RESEARCHERS at a Scottish university are seeking volunteers for a study to discover whether the blaeberry could play a critical role in the fight against diabetes.
The scientists at the world-renowned Rowett Institute of Nutrition and Health at Aberdeen University are seeking to prove whether blaeberry extract can reduce sugar intake when taken with a meal and therefore have long term benefits in preventing the development of Type 2 diabetes - a disease which affects more than 200,000 people in Scotland.
The team behind the study are looking to recruit men aged between 40 and 70 who feel they may be overweight - or post menopausal women who also may have weight concerns to take part in the study.
They are also seeking to recruit people in the same age group who have Type 2 Diabetes, which is controlled by diet alone.
Dr Nigel Hoggard who leading the study, said: “This particular study could potentially provide us with extremely important findings, however as is always the case with these areas of research, we really do need the public to help us by volunteering to take part.”
He added: “We are always keen to hear from anyone who may wish to take part in any of our studies and would be delighted to provide anyone with any more information they need.”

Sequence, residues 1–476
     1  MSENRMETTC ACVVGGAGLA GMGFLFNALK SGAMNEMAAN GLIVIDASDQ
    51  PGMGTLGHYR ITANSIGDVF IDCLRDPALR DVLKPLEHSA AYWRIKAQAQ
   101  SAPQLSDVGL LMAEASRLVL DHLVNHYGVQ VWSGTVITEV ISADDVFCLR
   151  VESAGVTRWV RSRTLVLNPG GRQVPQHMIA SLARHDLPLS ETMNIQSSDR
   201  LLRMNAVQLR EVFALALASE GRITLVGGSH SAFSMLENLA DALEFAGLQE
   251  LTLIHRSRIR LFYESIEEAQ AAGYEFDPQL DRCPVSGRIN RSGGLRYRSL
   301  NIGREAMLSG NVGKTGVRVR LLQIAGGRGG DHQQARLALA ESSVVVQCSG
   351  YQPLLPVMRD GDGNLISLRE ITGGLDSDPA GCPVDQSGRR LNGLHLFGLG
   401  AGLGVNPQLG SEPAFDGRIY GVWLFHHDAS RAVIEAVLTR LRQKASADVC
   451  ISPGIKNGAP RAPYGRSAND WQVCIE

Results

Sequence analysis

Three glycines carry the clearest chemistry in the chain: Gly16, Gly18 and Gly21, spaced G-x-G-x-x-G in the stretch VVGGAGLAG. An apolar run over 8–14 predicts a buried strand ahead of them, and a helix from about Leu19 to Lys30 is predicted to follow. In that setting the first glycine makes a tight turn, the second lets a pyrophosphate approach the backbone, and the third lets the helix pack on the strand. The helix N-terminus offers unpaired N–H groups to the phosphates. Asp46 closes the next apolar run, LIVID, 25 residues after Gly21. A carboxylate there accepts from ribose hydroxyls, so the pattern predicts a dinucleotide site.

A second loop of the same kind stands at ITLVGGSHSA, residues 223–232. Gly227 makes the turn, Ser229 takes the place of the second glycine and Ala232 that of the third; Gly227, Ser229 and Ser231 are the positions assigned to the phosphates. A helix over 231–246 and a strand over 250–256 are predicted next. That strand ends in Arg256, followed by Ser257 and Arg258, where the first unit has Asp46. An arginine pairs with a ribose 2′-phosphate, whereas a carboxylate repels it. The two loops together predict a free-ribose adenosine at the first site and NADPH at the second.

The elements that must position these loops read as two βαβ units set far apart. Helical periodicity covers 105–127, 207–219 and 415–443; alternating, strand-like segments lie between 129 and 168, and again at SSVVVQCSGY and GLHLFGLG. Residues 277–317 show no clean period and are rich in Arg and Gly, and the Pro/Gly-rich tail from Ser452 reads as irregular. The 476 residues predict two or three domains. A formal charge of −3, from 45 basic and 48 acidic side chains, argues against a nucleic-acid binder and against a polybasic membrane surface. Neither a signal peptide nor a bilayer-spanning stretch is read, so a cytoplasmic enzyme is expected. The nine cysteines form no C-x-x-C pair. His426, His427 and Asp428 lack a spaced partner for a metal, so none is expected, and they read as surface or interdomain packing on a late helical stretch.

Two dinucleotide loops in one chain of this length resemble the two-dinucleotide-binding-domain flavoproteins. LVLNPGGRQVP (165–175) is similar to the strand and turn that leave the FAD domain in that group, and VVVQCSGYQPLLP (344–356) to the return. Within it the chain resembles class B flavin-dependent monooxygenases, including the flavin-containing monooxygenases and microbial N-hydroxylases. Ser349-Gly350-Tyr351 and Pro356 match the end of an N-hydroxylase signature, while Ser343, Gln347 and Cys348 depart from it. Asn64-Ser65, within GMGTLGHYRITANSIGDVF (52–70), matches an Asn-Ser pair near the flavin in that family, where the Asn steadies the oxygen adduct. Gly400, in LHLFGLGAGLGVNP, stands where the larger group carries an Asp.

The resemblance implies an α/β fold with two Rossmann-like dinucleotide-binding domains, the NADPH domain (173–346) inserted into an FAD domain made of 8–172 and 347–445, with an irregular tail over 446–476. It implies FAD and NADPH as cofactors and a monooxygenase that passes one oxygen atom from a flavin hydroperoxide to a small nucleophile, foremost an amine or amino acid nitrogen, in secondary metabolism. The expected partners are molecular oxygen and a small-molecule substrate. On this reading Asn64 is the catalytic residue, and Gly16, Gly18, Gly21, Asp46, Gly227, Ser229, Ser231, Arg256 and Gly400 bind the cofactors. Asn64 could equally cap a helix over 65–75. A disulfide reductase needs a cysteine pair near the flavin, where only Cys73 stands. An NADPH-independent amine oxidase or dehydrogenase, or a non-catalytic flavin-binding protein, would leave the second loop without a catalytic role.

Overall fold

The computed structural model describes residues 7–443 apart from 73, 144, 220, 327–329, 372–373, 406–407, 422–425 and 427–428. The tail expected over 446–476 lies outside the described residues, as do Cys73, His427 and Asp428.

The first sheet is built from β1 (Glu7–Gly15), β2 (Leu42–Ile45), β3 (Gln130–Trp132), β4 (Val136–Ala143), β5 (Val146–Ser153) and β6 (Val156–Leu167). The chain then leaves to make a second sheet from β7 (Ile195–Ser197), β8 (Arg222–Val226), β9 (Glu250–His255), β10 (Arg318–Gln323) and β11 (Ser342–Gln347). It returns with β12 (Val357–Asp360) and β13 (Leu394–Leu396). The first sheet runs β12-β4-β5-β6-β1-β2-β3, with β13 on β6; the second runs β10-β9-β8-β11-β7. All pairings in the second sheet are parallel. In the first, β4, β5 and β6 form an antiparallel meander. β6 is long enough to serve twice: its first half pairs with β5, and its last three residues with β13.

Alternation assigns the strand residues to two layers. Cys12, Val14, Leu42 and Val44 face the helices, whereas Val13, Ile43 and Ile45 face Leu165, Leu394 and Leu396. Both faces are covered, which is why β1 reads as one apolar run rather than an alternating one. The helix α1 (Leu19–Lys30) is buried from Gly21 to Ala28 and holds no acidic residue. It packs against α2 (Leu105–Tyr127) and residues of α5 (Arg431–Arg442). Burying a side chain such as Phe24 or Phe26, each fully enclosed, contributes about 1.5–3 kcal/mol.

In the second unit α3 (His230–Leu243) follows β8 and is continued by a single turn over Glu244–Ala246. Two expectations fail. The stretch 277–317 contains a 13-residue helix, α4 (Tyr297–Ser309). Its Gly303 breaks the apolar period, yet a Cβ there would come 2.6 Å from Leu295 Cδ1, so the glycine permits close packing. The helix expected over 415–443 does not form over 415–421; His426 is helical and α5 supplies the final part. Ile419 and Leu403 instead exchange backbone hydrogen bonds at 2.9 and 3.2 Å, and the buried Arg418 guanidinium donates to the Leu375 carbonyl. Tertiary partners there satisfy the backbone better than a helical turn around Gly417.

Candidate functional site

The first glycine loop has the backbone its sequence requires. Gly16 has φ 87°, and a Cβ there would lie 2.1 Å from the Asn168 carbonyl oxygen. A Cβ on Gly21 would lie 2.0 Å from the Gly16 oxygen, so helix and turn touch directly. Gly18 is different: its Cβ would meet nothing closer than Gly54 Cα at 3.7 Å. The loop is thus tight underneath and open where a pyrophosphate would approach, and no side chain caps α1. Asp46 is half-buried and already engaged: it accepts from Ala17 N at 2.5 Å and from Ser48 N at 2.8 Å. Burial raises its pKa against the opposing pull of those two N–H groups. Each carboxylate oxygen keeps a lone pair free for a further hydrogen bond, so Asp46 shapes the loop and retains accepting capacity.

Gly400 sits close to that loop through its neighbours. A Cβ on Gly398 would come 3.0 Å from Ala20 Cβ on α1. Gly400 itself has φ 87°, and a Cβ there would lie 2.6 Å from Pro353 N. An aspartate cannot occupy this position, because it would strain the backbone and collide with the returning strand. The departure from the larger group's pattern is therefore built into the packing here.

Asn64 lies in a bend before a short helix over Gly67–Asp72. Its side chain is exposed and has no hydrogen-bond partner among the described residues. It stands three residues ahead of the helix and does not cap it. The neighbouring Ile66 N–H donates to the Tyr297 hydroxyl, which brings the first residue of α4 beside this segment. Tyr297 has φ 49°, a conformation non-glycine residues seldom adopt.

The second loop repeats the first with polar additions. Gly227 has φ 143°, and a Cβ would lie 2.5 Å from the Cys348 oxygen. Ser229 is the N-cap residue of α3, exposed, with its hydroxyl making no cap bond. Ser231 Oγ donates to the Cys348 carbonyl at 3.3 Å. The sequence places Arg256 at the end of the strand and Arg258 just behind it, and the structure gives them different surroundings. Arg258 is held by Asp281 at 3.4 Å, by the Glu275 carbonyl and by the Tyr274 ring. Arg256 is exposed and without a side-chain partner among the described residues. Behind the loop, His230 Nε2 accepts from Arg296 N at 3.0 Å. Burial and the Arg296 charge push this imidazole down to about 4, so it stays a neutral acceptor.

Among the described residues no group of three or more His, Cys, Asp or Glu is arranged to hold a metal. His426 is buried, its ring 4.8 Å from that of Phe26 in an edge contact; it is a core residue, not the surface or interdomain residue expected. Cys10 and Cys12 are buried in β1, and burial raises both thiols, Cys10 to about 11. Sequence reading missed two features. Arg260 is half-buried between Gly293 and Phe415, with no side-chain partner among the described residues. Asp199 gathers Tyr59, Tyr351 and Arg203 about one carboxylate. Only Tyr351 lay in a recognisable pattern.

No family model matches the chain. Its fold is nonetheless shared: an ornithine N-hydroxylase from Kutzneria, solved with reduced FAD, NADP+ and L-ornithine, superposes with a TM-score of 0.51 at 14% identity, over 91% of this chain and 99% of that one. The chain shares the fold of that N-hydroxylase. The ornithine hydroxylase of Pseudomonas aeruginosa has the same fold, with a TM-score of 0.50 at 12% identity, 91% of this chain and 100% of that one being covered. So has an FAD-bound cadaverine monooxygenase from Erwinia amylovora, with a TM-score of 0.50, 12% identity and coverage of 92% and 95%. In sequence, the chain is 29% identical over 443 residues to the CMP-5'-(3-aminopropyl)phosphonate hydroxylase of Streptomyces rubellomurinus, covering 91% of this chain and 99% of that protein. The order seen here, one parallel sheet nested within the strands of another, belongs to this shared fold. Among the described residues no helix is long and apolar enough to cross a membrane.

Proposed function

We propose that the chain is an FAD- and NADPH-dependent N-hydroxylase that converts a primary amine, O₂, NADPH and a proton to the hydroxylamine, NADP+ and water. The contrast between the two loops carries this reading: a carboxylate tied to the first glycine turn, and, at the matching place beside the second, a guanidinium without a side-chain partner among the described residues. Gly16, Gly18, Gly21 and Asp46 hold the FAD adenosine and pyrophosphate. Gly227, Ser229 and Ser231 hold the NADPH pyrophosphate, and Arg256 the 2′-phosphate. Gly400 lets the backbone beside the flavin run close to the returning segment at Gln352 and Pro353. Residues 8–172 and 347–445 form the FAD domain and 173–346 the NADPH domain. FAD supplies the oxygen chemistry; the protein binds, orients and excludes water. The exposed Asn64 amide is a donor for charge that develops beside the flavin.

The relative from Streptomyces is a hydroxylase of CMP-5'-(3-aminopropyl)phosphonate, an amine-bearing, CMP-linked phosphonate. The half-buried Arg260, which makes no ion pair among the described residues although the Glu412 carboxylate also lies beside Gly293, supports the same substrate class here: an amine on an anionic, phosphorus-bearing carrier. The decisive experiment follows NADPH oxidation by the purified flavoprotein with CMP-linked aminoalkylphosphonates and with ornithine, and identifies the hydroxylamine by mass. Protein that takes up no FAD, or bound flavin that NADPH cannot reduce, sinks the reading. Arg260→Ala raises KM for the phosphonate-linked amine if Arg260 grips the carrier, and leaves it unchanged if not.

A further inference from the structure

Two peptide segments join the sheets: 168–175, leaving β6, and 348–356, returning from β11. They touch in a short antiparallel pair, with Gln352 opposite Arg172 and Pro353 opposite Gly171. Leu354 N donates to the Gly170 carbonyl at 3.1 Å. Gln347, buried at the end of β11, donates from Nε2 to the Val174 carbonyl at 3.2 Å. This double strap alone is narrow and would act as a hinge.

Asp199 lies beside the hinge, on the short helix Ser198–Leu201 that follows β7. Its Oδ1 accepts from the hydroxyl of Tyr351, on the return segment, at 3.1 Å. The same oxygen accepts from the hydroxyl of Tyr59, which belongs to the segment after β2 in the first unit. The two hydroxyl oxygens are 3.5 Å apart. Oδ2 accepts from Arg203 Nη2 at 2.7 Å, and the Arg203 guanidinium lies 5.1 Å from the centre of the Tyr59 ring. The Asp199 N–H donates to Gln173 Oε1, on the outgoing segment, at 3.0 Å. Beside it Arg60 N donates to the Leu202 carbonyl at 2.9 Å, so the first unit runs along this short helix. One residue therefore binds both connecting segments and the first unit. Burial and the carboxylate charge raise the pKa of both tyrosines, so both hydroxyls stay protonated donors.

A university spokesman said: “All volunteers will get both types of capsules (blaeberry extract and control) with a break in between taking each set of capsules. Volunteers will then be asked to come in at the beginning and end of each of the three week periods to give blood over a four hour period so that the research team can measure their blood sugars and other makers related to health.
“This will help to determine if the blaeberry capsule is having an effect on markers of health and how the metabolism of sugar compared with the control capsule.The study will involve taking a blaeberry extract in a capsule and five visits to the Rowett.”
Around 250,000 people in Scotland have diabetes - about one person in every 20. The majority - about 217,500 - have Type 2 diabetes, which unlike Type 1 diabetes tends to develop later in life, often linked an unhealthy lifestyle.
Traditional folk remedies have already cited the nutrient-rich berries as a herbal treatment for diabetes and digestive problems. In Scotland the blaeberry can be found throughout the country, but it is most abundant in the Highlands, growing in both moorland and woodland.
The berries can grow up to one centimetre in diameter and ripen to a dark blue colour between July and August. They are widely eaten by a number of birds, including black grouse, capercaillie and members of the thrush family.
The juice of the berries has also been used as a dye, providing a blue colour for both linen and paper.